Well, I can’t remember the moment that I decided that Joshua should be Jewish. Possibly the most important aspect of that was that the invasion of Iraq overlapped with Passover. And so the whole narrative—it didn’t have to stretch anything to the narrative of the Promised Land and Moses and the leadership. And also the reading of the Haggadah is reading the script, so the scripture and the script . . . the kinship between the two concepts could be activated.

I was at a friend’s seder where these two women, close friends, write their own Haggadah. And they include quotes from Martin Luther King and from Adrienne Rich . . . It’s beautiful. And so we read all this, and it includes quotes from the Haggadah, in Hebrew and in Spanish. And so the idea that someone could write their own Haggadah, their own script—I liked that. So all that could be activated if Joshua was Jewish. There was no symbolic value in the exclusive fact of his Jewishness.

Let’s go back to the 2003 invasion of Iraq. Did the idea for this book come then or later?

There was an idea for a story, which I wrote in 2009, but it was just part of the book. But then I sent the story to the New Yorker, and the New Yorker editor, she said she and her colleagues loved two-thirds of it, but the last part was confusing to them. And it had happened a couple times before with the New Yorker and others, and what I would do with it is I would rethink [the ending] and maybe just rewrite or lop off the last third. But instead of doing that this time around, I realized that I didn’t know what happened before the beginning of this story, or what happened after the story had ended. So then I busied myself with figuring out how they arrived at that point and then what happened after. And so if the beginning of the book is 2009 with the story, I didn’t think of it as a book then. It was only after that that I thought, “Well, if I just start developing it we’ll see where it goes.” And it’s not that I was apprehensive, but I didn’t know where it would go at first.

And the decision to set the book around the Iraq invasion and Passover—did that have anything to do with how the unreal aspect of the movie script parallels the unreal aspect of the rationale for war in Iraq?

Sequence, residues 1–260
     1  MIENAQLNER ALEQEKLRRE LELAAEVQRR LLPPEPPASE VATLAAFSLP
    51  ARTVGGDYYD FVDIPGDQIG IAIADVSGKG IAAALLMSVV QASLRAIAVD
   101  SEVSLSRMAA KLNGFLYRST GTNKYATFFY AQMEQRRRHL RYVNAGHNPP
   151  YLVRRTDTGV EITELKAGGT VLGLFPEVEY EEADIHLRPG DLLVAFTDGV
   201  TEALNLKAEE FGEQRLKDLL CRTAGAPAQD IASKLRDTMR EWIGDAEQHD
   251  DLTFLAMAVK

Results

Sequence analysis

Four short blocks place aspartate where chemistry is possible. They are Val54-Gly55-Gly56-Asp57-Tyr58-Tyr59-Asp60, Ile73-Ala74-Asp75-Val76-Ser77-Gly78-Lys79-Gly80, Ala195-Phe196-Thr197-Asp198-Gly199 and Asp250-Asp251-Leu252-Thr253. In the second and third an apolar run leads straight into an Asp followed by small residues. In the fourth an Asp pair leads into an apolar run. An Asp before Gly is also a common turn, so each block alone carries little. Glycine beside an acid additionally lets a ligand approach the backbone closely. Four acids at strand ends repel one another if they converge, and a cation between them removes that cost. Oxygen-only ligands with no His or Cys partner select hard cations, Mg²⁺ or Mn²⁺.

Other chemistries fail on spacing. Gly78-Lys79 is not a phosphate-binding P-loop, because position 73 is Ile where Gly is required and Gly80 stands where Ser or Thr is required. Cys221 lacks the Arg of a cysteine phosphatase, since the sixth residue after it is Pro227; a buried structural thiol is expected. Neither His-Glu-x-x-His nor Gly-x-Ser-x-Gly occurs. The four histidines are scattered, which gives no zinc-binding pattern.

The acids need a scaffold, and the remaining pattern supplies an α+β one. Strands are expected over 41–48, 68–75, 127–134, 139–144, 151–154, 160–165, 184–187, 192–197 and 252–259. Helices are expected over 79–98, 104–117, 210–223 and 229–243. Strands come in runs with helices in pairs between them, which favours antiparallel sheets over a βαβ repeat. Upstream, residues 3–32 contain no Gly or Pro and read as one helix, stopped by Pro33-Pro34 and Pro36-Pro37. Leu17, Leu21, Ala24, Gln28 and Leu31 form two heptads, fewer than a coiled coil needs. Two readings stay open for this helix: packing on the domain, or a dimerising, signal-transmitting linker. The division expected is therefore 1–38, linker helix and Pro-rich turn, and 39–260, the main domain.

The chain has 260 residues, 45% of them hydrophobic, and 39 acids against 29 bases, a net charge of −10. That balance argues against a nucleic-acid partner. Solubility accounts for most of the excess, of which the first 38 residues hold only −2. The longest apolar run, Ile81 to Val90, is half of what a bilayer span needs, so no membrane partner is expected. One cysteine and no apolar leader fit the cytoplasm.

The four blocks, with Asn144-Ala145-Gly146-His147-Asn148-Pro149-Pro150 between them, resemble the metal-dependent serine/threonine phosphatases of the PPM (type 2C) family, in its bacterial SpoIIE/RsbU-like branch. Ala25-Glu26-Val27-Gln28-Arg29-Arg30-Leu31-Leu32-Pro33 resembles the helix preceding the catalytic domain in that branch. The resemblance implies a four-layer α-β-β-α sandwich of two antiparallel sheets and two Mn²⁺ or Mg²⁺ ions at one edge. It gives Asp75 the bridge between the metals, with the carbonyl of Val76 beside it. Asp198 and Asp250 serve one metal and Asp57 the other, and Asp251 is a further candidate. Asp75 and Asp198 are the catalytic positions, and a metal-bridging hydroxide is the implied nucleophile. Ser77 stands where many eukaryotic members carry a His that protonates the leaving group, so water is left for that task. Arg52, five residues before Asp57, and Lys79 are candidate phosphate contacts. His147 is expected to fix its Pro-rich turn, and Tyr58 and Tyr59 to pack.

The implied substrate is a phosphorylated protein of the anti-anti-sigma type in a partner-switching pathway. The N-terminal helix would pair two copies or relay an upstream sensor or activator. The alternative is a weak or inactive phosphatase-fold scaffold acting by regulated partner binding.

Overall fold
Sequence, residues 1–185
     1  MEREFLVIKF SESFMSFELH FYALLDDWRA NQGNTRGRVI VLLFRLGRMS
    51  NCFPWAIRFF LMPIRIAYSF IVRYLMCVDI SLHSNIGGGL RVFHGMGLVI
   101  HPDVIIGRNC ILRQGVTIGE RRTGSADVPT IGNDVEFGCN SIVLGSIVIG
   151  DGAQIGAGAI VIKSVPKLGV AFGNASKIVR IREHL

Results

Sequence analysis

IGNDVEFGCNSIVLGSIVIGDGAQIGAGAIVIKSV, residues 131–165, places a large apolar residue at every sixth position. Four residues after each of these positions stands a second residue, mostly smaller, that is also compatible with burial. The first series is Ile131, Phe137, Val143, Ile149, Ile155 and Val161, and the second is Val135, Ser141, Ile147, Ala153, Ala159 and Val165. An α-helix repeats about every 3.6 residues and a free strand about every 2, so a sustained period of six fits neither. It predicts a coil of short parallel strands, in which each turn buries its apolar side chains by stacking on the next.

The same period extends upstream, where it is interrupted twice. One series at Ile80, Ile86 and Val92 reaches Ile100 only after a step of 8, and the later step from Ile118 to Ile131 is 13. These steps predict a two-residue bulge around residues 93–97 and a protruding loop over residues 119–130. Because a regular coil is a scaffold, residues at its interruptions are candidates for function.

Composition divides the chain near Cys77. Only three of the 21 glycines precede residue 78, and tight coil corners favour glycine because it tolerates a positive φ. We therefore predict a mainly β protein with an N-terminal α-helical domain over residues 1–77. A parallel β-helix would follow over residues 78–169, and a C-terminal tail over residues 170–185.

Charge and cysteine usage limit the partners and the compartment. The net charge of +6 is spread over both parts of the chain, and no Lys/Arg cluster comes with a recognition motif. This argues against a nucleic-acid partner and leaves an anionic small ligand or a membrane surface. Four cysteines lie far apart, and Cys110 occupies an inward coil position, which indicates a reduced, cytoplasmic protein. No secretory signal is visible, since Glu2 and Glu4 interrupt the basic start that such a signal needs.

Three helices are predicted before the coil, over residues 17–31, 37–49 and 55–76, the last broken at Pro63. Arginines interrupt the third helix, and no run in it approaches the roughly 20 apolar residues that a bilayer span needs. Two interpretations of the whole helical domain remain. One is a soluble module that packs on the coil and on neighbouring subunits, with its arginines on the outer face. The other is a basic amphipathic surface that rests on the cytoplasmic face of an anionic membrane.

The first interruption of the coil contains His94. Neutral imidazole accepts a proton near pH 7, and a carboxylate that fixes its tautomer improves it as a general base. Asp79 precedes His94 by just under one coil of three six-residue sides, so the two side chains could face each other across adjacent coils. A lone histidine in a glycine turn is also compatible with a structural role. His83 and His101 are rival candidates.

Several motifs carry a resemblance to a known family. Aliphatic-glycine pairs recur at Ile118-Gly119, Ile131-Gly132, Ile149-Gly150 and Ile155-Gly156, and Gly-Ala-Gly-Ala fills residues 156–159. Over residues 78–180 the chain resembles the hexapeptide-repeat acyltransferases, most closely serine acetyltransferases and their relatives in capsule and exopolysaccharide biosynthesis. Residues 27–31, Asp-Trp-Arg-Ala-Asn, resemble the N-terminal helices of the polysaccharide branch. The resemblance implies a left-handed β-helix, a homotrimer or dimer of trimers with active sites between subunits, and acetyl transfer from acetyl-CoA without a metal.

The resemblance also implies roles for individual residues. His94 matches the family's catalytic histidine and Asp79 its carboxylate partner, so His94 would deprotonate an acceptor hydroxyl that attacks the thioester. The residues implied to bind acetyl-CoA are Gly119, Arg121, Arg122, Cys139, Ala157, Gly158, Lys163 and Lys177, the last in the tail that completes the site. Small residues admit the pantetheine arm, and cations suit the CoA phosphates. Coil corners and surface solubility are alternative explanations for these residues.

Yeah. Again, it’s a combination of things. The way I like to work with a story or a book: I have all these things that obsess me and interest me, but they seem far apart. The figuring out of the book, and this usually happens before I even start writing—I have to figure out a way where I can put all that together. So the screenwriting and the zombies and the Iraq war and the Haggadah—what would allow me to have all of it? I spend a lot of time not writing anything, just sitting around thinking how all that could be connected. But the Iraq war was probably pretty early. And then I checked—of course I know that Passover is in spring—what would be the time frame for Passover and the invasion? There’s quite a bit of overlap.

Passover itself is a story about the liberation of people in slavery. And in a sense the Iraq war is a complete distortion of that tale.

And then Bush and his cronies presented this as kind of a messianic project: We’re going to go there and liberate them, and we’re gonna walk them through the fucking desert, and the sea will part, and it will be a cakewalk. And that worked out, as we know, pretty well for everyone involved. [Laughs]

There’s a scene where [Joshua is] in the workshop and the instructor yells, “If any of you utter the words weapons of mass destruction, I am going to projectile vomit directly in your face.”

Was that how you felt about the justification for the Iraq war?

I’m still angry about it. I was maybe sensitized to propaganda and government bullshit because I grew up in a different place. It never for a moment occurred to me that Saddam Hussein had weapons. From the get-go it was clear to me that they were making it up as they went along. Not even for a moment did I think, “Maybe? Maybe. I don’t know.” It was so blatantly a lie. They put Saddam and bin Laden in the same sentence and showed pictures of Arab men with facial hair. That was enough—that’s it, we’re going, no problem. No reality could infringe upon that because everyone was fucking gearing for it. That makes me so angry still! But I found a way, I hope, to convert some of that anger into humor in this book, rather than just plain ranting.